Early predictions show “over 88 percent of the world’s population” lives in the potential landing zone.
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A used Chinese rocket booster is set to fall out of orbit and crash into Earth sometime in the next few days. The nonprofit Aerospace Corporation’s debris tracking experts predict that the rocket—a 10-story, 23-ton core stage of a Long March 5B mission launched July 24 to deliver the Wentian lab module to the country’s Tiangong space station—will careen to Earth on July 31 at 3:52 a.m. Eastern Time, plus or minus 22 hours.
While the chance of the rocket hitting a populated community is slim, it’s still possible. “Due to the uncontrolled nature of its descent, there is a non-zero probability of the surviving debris landing in a populated area—over 88 percent of the world’s population lives under the reentry’s potential debris footprint,” the Aerospace Corporation said in a statement. About 60 to 80 percent of the booster’s mass will burn up in the atmosphere, but that still leaves a hefty, fiery object ready to slam into the ground.
This is the third time that a Long March 5B booster has fallen back to Earth uncontrollably and raised alarms. In May 2020, a booster crashed into an uninhabited plot of land on the African West Coast.
The second Chinese booster incident, in May 2021, was more infamous. For several days, the space community had a harder time predicting and assessing where it would land. The world waited with bated breath for several hours until it was finally confirmed the booster landed in the Indian Ocean near the Maldives. NASA, among others, expressed severe irritation with the Chinese handling of the booster. (NASA did not respond to requests from The Daily Beast for immediate comment.)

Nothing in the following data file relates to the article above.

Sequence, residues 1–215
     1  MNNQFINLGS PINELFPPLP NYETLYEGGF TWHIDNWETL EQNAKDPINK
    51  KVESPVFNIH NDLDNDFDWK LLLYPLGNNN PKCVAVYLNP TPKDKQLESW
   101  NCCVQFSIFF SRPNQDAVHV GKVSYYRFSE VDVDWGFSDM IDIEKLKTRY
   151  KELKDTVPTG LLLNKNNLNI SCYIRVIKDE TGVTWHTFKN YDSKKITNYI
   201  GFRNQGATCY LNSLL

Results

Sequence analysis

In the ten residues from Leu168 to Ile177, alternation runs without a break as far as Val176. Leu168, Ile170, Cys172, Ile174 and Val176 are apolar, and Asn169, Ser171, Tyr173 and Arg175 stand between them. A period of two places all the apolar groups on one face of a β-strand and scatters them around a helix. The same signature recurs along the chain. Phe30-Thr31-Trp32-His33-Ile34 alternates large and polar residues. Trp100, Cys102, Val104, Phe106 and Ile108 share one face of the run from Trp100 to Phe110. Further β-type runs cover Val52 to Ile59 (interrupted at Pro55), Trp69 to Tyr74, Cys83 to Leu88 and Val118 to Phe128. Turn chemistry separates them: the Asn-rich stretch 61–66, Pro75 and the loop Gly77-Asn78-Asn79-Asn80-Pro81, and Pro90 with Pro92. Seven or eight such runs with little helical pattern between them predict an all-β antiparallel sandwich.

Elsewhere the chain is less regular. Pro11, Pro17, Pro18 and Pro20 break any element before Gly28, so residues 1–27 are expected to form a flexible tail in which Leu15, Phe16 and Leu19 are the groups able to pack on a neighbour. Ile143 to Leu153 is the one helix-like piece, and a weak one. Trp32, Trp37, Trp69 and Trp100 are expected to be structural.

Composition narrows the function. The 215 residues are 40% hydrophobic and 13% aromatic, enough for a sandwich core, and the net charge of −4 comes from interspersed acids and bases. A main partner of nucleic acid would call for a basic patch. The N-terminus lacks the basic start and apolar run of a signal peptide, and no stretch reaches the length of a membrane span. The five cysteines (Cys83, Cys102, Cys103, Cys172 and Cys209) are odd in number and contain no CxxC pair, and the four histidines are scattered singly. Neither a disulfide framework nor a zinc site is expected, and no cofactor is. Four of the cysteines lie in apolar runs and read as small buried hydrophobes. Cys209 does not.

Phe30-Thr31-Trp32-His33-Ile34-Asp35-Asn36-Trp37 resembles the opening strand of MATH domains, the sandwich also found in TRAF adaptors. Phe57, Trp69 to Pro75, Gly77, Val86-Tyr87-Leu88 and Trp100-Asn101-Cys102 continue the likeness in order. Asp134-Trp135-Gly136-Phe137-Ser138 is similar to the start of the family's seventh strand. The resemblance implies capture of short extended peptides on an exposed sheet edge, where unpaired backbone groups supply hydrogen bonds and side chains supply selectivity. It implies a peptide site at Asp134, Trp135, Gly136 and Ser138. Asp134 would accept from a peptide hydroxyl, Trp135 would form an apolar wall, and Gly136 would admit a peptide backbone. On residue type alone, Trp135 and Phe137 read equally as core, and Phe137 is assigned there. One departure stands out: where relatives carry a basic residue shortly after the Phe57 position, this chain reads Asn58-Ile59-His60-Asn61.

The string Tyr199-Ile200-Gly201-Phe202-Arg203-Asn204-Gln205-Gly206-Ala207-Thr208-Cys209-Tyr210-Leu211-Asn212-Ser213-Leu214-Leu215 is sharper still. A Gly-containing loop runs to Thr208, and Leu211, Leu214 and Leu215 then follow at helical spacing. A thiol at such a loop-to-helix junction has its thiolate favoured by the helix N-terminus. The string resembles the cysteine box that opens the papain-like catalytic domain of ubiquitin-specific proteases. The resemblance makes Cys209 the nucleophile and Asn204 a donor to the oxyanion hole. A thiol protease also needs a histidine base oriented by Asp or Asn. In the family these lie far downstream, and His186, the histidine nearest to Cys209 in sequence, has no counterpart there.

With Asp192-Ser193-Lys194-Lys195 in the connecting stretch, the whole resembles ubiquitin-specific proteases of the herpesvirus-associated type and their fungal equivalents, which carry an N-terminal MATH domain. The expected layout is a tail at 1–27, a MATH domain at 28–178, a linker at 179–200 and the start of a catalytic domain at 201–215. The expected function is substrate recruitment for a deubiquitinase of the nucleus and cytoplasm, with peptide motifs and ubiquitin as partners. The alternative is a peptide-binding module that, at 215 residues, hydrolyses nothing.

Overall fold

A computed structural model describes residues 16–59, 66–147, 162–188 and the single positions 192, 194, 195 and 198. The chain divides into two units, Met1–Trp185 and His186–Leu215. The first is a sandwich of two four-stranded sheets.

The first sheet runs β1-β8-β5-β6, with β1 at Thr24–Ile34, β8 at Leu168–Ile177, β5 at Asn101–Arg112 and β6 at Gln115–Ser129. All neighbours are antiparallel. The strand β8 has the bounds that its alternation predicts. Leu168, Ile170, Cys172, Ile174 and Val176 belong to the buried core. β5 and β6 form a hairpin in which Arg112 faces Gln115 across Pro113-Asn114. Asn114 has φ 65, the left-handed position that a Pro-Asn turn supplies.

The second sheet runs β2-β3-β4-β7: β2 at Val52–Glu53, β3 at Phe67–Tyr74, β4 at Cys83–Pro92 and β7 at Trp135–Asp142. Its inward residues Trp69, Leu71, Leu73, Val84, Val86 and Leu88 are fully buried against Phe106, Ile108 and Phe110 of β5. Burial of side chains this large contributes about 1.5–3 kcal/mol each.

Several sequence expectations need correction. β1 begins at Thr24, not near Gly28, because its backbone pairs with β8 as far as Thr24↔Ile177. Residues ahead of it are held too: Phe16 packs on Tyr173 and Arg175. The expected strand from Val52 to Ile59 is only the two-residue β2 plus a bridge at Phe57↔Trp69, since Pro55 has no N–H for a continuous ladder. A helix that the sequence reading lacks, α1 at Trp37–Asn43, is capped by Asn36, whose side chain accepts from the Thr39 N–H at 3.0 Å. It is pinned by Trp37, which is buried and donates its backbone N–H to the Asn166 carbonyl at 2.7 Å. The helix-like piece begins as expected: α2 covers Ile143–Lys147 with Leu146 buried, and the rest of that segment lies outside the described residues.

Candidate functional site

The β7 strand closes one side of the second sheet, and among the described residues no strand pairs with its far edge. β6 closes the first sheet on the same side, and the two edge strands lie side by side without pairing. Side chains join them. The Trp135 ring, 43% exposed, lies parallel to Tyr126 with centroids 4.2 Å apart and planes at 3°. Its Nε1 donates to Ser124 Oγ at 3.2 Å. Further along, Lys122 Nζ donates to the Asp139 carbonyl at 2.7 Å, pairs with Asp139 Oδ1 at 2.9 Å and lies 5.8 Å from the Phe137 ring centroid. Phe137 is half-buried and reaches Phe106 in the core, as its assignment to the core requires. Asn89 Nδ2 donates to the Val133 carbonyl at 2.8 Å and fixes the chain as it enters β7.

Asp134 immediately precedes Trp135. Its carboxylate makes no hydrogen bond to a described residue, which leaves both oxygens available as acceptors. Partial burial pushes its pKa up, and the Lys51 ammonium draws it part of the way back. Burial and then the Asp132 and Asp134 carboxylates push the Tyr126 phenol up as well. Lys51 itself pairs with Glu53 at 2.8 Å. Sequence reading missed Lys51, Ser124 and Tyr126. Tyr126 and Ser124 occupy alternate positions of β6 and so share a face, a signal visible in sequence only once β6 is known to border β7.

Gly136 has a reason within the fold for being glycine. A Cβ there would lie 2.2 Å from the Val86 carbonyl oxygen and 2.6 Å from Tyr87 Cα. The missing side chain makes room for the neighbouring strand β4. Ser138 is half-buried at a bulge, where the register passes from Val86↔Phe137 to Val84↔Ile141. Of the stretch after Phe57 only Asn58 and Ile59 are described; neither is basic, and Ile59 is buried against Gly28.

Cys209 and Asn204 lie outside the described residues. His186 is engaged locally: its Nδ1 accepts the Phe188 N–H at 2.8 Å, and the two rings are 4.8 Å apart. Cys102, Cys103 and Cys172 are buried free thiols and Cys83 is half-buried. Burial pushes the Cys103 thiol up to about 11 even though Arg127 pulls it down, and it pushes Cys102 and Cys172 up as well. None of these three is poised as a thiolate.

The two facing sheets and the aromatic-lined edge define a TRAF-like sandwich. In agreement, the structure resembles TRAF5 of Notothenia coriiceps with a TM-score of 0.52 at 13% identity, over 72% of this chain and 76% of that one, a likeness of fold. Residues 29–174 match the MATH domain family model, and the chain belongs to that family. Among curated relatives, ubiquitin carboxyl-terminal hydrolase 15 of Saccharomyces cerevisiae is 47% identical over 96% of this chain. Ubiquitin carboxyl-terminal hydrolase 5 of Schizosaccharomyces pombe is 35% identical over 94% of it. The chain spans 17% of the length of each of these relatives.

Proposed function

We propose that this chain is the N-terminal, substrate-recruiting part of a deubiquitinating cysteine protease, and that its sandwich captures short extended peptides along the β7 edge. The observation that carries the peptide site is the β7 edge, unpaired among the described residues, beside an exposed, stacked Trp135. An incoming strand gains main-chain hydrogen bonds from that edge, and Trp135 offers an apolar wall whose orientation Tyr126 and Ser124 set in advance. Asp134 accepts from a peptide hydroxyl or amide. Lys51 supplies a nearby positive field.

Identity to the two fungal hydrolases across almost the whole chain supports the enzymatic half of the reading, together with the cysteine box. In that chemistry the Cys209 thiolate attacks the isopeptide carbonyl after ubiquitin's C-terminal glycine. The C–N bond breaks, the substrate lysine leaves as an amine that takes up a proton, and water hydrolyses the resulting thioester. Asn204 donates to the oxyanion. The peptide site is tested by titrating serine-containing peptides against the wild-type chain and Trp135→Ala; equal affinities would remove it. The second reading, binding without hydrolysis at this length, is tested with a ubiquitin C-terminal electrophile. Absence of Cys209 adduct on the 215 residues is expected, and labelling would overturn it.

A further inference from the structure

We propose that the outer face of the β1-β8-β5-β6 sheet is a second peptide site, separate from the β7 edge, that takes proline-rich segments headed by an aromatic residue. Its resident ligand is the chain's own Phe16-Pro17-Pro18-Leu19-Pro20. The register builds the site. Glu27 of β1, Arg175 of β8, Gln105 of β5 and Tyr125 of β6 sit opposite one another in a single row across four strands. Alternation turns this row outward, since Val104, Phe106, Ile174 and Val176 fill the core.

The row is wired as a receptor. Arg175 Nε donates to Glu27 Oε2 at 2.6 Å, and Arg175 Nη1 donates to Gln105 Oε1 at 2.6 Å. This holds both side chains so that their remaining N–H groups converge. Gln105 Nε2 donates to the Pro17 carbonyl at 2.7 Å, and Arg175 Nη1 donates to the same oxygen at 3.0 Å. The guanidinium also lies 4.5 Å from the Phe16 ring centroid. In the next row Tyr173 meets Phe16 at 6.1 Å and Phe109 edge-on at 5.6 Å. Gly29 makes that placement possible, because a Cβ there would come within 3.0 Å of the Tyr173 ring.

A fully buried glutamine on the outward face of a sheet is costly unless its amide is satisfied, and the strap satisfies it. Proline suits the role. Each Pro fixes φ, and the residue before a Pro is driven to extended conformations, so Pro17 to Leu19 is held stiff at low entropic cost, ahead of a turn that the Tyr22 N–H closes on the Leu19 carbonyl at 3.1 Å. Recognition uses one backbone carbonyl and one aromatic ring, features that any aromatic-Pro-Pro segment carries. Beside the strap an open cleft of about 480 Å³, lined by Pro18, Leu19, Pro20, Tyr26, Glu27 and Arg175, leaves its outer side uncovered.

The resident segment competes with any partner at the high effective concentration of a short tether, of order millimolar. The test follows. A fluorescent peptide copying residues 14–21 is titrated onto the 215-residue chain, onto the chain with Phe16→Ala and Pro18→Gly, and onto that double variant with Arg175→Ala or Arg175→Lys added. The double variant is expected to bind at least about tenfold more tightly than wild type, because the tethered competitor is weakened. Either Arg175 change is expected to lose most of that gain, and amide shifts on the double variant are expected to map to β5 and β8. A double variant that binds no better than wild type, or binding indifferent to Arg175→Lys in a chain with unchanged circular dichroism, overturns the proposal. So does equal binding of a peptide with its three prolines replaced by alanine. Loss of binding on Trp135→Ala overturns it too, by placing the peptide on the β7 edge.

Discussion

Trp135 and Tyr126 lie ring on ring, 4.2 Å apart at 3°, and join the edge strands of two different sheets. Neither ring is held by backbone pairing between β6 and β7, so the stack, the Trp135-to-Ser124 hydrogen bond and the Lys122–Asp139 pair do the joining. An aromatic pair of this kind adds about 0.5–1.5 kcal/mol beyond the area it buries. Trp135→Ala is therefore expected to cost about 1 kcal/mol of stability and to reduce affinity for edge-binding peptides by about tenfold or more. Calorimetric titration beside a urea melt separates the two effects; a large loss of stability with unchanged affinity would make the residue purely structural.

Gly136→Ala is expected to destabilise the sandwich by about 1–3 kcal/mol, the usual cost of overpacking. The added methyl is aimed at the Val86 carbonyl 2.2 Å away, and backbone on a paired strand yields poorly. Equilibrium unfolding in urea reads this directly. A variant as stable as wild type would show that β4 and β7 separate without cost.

China’s response over its uncontrolled boosters in the past has always ranged from complete silence to accusing the U.S. and others of scaremongering folks (which they’ve done again in response to this latest instance). Most core stages, reports Gizmodo, aren’t supposed to reach orbit, and their trajectories are instead designed to guide them back to landing in the ocean or a very remote location on land. China, however, has consistently elected to send its Long March 5B core booster into orbit and let it tumble back to Earth willy-nilly.
Debris trackers around the world will have a better sense in the next few days of where the booster may land Sunday, but it will still be tough to predict an exact location ahead of time. Sunday morning will be a tense time for a large swath of the world.
There is a better chance of that rocket landing on my head than me winning the lottery.